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Migraine Symptoms and Phases

June 11, 2013

Migraines come in all shapes and sizes. Many people describe their migraine symptoms in different ways. This is somewhat appropriate considering doctors do not yet know what the exact cause of migraines is. Still, there are some telltale signs of this severe type of headache.


Migraine Symptoms

Aside from the four phases of a migraine, which we will touch on later in this post, migraine symptoms differ from other headaches because of the full body sickness that is associated with them. People who suffer from these types of chronic headaches may experience:

– Nausea
– Vomiting
– Dizziness
– Light Sensitivity

There is a possibility that this condition is inherited, but regardless, the abnormal pressure put on the neurological system of the human body is a serious feat for any person. It seems that migraines cause unusual activity in the brain’s nerve cells. In addition, chronic headaches affect the flow of blood in the brain.

Migraine Phases

Being equipped with a better understanding of how migraines attack is the best way to be on guard with precautions and treatments.

There are four typical phases of a migraine:

1) Prodromal phase-

Unusual sensations that indicate a migraine is on the way. This can take place hours or even a day before the actual migraine sets in. It may result in irritability, food cravings, sleepiness, frequent urination, depression, or unusual energy.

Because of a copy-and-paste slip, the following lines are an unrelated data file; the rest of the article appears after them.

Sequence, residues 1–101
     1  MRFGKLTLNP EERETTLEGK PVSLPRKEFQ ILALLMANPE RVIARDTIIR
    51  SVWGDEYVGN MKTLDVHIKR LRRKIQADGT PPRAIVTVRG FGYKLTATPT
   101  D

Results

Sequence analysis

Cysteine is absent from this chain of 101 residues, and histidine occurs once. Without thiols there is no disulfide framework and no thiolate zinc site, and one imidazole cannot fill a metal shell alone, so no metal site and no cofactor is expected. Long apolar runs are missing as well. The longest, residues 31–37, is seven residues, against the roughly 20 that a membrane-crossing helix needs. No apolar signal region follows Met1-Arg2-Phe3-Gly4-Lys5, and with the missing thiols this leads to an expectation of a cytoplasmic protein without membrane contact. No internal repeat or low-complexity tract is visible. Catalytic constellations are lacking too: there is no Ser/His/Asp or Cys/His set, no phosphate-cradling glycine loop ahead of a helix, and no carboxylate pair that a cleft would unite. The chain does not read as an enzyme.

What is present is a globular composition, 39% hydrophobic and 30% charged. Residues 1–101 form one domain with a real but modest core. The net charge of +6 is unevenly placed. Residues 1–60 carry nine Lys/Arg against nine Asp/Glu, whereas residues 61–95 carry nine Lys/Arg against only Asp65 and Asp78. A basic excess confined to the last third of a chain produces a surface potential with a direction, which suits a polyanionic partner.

2) Aura phase-

This phrase of the migraine is only experienced by some people. It involves neurological hiccups, like flickering light, vision loss, and hallucinations. In addition, an individual may begin feeling odd tingling sensations in his or her skin and trouble speaking.

3) Attack phase-

When the actual headache approaches, the attack phase is in full swing. This phase may include any number of symptoms from severe pain to nausea and vomiting. Many people report being very sensitive to light throughout the attack.

4) Postdromal phase-

Essentially, after the migraine attack comes aftershocks of severe pain. They can be mild, like fatigue, or as severe as minor headaches that accompany movement. In addition, migraine sufferers report they have little to no energy during this time of convalescence.

Experiencing migraine attacks are not easy, but now that you know the four phases of a migraine, you may feel better equipped to identify the different elements of your migraines. While the associated pain felt with each phase is challenging, by identifying oncoming symptoms you may be able to coax yourself through the process with words of encouragement.

Here are some examples:

“Alright, I’m doing great. The attack is almost over. Then it is time to rest up so I can get back to full health.”

“What I am experiencing right now is the buildup to an attack. I am prepared and capable of handling this pain. I will stay in dimly lit areas and alert my close friends and family that I may be unavailable for some time.”

“I will just let myself rest. This was an exhausting migraine. I’m happy that it is over.”

How do you get yourself through the pain of a migraine? Do you tell yourself stories or play “positive tapes” like we listed above? Share your advice by comment below and benefit Disability Living readers, a community of Canadians with disabilities.

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